Referring now to the right-hand portion of FIG. 2, there are a variety of interface connections 140 that are adapted to essentially connect the levers 112 and the torquing action therefrom to the support rods 120. Essentially, the upper portions 150 and lower portions 152 of the interface connection 140 are adapted to engage one another in a temporarily removable manner and be displaced vertically therefrom one another whereby some form of internal surfaces are adapted to transfer torque to the support rod 120.

The base connection 160 is adapted to engage a vertically extending member such as a frustoconical-like member attached to the carriage 18. A frustoconical member (not shown) can engage the lower circular portion of the base connection 160 to properly guide it into a proper orientation for locking of the carriage connection extension 128.

It should be reiterated that the image of FIG. 2 is shown in a skeletonized version whereas the actual embodiment would be shown in FIG. 4 where the module 16 is adapted to house the support rod 120 and carriage lock 124. As shown in FIG. 4, the upper portion of the connection system 19, specifically the carriage frame lock 110, the lever 112, and the connector rod 114, as well as the activating member 102, are all a part of the carrier frame 14 and are moved therewith. These components form module connection portion. It should be noted that various connection systems can be employed for transporting the module 16 from the carriage 18 to the carrier frame 14.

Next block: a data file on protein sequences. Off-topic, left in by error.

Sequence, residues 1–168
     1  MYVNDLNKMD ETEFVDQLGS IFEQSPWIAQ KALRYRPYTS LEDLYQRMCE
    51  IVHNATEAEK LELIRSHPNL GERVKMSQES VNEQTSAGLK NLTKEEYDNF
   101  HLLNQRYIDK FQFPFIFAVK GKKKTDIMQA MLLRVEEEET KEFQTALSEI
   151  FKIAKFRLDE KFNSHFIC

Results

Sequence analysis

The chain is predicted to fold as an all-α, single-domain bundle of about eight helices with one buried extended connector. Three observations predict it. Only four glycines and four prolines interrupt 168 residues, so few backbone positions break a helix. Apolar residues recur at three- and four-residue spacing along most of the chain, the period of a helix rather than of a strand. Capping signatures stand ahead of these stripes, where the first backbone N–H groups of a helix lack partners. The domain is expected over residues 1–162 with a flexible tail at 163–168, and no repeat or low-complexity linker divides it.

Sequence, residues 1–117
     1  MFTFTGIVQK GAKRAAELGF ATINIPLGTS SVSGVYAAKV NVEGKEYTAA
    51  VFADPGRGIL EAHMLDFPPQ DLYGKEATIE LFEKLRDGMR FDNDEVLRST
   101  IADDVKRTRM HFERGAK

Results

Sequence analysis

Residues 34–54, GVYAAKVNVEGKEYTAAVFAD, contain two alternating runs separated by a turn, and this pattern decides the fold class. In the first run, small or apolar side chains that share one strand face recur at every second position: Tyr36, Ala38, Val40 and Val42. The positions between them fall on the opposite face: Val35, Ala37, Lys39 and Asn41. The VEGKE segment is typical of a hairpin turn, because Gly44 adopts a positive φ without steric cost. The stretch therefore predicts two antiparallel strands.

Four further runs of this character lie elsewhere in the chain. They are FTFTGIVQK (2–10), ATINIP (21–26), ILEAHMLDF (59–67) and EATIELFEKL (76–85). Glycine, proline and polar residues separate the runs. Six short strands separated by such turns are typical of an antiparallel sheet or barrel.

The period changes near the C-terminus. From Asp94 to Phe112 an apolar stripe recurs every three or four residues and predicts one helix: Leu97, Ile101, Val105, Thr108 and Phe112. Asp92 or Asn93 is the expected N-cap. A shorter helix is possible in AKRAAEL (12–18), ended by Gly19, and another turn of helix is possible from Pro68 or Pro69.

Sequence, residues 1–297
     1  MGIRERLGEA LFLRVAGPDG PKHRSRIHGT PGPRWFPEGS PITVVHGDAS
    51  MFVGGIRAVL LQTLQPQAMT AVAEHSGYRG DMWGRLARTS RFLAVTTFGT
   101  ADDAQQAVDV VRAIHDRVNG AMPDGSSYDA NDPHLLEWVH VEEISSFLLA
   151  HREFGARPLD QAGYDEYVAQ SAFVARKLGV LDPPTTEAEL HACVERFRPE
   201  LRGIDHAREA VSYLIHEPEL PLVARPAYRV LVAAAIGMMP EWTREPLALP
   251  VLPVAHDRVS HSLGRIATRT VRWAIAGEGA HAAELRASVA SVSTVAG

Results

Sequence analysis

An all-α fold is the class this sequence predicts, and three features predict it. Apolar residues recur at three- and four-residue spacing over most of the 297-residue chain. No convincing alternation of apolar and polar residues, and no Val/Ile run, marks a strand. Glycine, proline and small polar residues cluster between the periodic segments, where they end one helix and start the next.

With the foregoing description in mind, reference will now be made to FIG. 1 where various stages of the module transportation system 10 are shown with discussion directed to FIGS. 5-9.

Referring to line 5-5 in FIG. 1, the side view is represented in FIG. 5 where the train 17 is traveling along the track 24 and the support system 12 is positioned thereabove. The carrier frames 14 travel along the support system and are positioned above the modules 16. The support rails 30 of the support system 12 are gradually reduced in elevation with respect to the track 24 whereby as the train travels along the vector indicated at 200, the carrier frame lowers to be in position on top of the module 16.